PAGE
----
The Ontario Liberal leader's fairly modest election promise in September — a one-time, 10 per cent wage subsidy to hire new immigrants — certainly kicked up a political fuss.
Editorial writers, bloggers and especially Ontario Conservative Leader Tim Hudak all complained mightily about the affirmative action precedent that this $12 million in tax credits would create.
But regardless of who wins the Oct. 6 election, some version of Liberal Dalton McGuinty's incentive plan is almost certain to be enacted in the months to come.
That's because, stripped of partisan rhetoric, McGuinty's (maximum $10,000) incentive for business to hire and train skilled new immigrants is not far off Hudak's own newcomers' employment opportunity plan. A Hudak government would subsidize business (again 10 per cent of wages) to teach occupation-specific language and other cultural skills to new employees.
Skilled labour: a regional look
- In Vancouver, Calgary, Toronto, Montreal and Halifax roughly 80 per cent of immigrants are working age (15-64), compared to 60-70 per cent of native-born Canadians.
- Montreal's recent immigrant population is younger on average, 55 per cent are between 25 and 44.
- Calgary and Toronto receive the highest number of professionals, about 55 per cent of new arrivals.
- Halifax receives the highest proportion of managers, about 33 per cent of new arrivals.
- In the larger centres, about 30 per cent of recent immigrants have a bachelor's degree; about 15 per cent have a master's or PhD.
More importantly, what all these plans have in common is a desire to link what are often the two most popular themes in modern-day political campaigning — immigration and small business — in what some say is a natural fit.
"Ontario has a choice," businessman/philanthropist Alan Broadbent said recently. "We can treat immigration as a cost or a benefit."
If we choose the latter, he said, "we benefit from education that we have not paid for, we benefit from talent that is truly global in a rapidly globalizing economy."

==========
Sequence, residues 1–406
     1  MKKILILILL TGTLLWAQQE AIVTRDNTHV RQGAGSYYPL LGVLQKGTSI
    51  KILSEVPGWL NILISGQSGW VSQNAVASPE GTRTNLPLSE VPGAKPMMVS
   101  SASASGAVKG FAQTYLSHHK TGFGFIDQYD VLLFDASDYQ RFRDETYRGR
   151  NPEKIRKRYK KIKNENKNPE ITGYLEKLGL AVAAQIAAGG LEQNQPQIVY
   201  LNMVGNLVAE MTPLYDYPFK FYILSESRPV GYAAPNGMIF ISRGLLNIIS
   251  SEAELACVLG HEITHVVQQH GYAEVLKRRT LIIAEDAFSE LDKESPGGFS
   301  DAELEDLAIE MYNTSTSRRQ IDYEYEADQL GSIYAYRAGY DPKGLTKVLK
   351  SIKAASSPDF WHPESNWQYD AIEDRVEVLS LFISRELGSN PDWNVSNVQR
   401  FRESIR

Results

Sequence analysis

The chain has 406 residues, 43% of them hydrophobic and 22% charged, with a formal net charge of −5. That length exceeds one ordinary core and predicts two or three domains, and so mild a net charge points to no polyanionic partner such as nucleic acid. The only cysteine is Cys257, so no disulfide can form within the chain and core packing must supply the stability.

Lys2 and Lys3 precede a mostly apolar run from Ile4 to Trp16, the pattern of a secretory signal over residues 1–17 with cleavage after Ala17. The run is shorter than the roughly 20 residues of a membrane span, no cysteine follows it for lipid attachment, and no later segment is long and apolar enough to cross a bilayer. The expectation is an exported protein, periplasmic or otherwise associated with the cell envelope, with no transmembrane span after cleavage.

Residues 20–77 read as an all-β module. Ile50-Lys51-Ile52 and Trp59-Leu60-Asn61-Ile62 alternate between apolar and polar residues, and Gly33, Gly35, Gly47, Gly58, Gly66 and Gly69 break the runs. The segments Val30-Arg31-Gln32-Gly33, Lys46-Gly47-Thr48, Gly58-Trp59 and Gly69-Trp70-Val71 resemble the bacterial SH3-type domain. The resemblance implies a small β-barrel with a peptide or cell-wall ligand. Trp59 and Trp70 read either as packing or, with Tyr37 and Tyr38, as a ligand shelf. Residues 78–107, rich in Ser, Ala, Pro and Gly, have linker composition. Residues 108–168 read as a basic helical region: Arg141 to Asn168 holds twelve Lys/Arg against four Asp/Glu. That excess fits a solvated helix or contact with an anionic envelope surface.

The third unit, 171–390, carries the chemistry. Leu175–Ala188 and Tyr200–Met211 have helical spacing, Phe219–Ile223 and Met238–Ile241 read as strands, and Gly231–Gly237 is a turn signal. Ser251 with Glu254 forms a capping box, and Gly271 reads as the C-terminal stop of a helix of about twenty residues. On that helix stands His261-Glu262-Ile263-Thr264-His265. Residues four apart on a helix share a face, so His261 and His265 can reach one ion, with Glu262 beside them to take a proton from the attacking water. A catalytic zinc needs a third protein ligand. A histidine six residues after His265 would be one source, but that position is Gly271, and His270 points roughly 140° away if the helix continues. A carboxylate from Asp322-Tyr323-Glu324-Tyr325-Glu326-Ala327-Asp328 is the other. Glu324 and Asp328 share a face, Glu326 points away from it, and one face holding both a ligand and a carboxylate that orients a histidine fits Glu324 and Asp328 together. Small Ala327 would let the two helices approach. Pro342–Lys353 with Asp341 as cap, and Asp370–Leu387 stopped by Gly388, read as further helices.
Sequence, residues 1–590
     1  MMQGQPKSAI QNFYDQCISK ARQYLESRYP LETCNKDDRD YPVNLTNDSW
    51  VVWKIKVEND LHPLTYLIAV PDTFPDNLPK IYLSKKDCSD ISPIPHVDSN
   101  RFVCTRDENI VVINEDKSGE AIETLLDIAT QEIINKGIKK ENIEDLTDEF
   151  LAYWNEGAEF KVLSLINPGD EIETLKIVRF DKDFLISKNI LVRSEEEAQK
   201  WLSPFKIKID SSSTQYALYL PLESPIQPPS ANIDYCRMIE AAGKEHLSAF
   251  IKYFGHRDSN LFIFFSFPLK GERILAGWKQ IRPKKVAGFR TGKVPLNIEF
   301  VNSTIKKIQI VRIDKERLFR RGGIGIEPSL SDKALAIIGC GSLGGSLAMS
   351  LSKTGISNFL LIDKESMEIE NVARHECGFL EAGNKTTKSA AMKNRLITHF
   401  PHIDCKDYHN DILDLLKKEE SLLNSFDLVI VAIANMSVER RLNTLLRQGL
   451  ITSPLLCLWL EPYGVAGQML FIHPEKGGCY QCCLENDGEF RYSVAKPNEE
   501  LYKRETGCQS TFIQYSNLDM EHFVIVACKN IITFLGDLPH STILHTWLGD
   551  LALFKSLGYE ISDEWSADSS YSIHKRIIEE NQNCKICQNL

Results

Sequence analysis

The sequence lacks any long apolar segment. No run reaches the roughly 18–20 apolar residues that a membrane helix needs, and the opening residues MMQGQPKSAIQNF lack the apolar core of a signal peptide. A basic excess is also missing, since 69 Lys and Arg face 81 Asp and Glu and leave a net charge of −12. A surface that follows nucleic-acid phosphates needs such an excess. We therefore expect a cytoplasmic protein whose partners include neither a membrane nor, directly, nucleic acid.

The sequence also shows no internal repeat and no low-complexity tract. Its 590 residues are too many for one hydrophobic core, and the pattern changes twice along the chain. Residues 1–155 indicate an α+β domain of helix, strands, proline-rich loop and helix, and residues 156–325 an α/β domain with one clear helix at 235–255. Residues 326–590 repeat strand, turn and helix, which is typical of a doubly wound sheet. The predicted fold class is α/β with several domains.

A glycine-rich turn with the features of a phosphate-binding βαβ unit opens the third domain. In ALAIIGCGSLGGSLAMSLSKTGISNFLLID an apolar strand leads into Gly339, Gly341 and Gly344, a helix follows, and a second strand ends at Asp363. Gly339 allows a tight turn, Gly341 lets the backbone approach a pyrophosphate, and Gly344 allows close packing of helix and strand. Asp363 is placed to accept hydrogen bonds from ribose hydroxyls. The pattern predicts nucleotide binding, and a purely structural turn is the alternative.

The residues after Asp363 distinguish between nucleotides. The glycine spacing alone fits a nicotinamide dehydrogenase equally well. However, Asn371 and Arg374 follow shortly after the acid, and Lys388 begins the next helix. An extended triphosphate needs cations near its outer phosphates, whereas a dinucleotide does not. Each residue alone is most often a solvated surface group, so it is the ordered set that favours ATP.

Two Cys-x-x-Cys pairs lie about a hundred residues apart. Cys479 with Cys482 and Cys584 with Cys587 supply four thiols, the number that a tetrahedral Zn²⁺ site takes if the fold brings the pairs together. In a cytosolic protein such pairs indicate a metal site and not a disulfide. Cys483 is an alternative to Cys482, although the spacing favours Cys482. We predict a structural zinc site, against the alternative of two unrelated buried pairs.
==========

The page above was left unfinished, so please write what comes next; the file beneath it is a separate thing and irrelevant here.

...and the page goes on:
Broadbent is the head of Avana Capital Corporation as well as the Maytree Foundation, a non-profit group interested in social issues that funds, among other things, a program called ALLIES (Assisting Local Leaders with Immigrant Employment Strategies).
ALLIES has sponsored on-the-job mentoring programs for new immigrants in about a dozen Canadian cities and is also developing local groups called immigration employment councils to help businesses get a better understanding of just what skilled workers are out there and what they can do.
It is aimed at small- and medium-sized businesses in particular, not just because these enterprises do the most hiring but because small concerns often don't have sophisticated HR or recruiting techniques to find and train immigrant labour.
That is where local employment councils and incentives, like the kind McGuinty and Hudak have put forward, play their part.
Incentives for new arrivals are not a new or un-Canadian thing, Broadbent argues. In an editorial on the Maytree Foundation website he points to the land grants to settle the Prairies in the early part of the last century as one example.
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More recently, Nova Scotia set up a special immigrant business loan program in 2009 to assist immigrant entrepreneurs who were having trouble establishing a credit history at Canadian banks.
The program allows immigrants who have lived in Nova Scotia for less than five years to borrow up to $150,000 to start and expand their small businesses and was expanded in August 2011.
In the Ontario vein, Quebec established a tax credit for new immigrant hires about four years ago. Some of the statistics from that: 64 per cent of the businesses involved had fewer than 50 employees; and 80 per cent of those hired were still employed three months after the subsidy ended.